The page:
Bankruptcy FAQ

Frequently Asked Questions - Alabama Bankruptcy

Local Bankruptcy Lawyer | Crumbley-Blackwell & Associates, P.C.

Considering bankruptcy? You may have a number of questions about your case, we have answers. Provided below are some frequently asked questions that we get often regarding bankruptcy in Alabama. If you look through the information below and do not find an answer to your question, send us your questions at Our Bankruptcy Attorneys will do the best they can to provide you an answer in a timely manner.

How long will bankruptcy stay on my credit report?

It can stay on your credit report for up to 10 years - inquire for more information

Can I file for bankruptcy twice?

You can file for Chapter 13 bankruptcy protection more than once. You are also eligible to file for Chapter 7 bankruptcy protection if you have not received a Chapter 7 discharge within the past 8 years and if you have not received a Chapter 13 discharge within the past 6 years. You can only file and receive a Chapter 7 discharge once every 8 years. If you have filed a Chapter 7 which was dismissed without a discharge, sometimes you must wait 180 days to file a subsequent Chapter 7 bankruptcy.

If I file for bankruptcy, should my spouse file too?

If all of the debts are in one spouse's name, it would be beneficial for just the one with the majority of the debts to file. If there are joint debts, it is usually better for both parties to file. Otherwise, the creditor would just go after the person who did not file bankruptcy.

Will my student loans be eliminated through bankruptcy?

The general rule is that student loans are non-dischargeable through bankruptcy. However, the Bankruptcy Code provides that in some instances, you can sometimes ask the court for a hardship discharge of your student loans.

What happens at the meeting of the creditors?

The meeting of creditors is a scheduled meeting for all creditors listed in someone's bankruptcy to come ask questions of the debtor. Most creditors do not attend the meeting of creditors. The creditors that occasionally attend the meeting are usually those that have secured debts (i.e. houses or cars) and their questions usually center on trying to protect their collateral in case of a default by the debtor. For example, the holder of a car loan would want to know whether their vehicle has insurance coverage in the event of a wreck. This meeting of creditors is conducted by the Bankruptcy Trustee who also questions. Typically, the trustee will just question the debtor about his debts and assets. The trustee is trying to determine whether there are non-exempt assets, which could be subject to liquidation.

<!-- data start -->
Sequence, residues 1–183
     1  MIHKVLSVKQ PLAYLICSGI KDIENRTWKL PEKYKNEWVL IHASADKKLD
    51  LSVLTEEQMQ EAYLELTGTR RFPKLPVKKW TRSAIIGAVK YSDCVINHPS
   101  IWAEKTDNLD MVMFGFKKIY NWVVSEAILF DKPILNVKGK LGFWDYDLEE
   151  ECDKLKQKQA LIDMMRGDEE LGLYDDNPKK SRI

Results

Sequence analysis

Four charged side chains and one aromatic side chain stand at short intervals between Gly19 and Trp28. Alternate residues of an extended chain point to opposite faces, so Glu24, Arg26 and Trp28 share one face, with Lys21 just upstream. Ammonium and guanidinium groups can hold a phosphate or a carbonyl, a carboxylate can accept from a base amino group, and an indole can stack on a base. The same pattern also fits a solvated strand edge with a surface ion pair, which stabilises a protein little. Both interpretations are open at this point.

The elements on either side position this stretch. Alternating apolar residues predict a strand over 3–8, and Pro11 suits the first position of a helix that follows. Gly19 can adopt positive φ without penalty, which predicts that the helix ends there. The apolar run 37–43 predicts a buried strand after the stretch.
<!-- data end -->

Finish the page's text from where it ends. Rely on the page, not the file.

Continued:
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The information on this website is for general information purposes only. Nothing on this site should be taken as legal advice for any individual case or situation. This information is not intended to create, and receipt or viewing does not constitute, an attorney-client relationship. While this firm maintains joint responsibility, most personal injury cases are referred to other attorneys for principle responsibility. Prior success is not an indication of future success. Every case is different and regardless of what friends, family or other individuals may say about a case, each case must be evaluated on its own facts and circumstances as they apply to the law. The likelihood of success in any given case depends on the facts, the jurisdiction, the venue, the witnesses, the parties and the testimony, among other factors. Furthermore, no representation is made that the quality of legal services to be performed is greater than the quality of legal services performed by other lawyers. Bankruptcy Disclaimer: We are a debt relief agency. We help people file for bankruptcy relief under the Bankruptcy Code.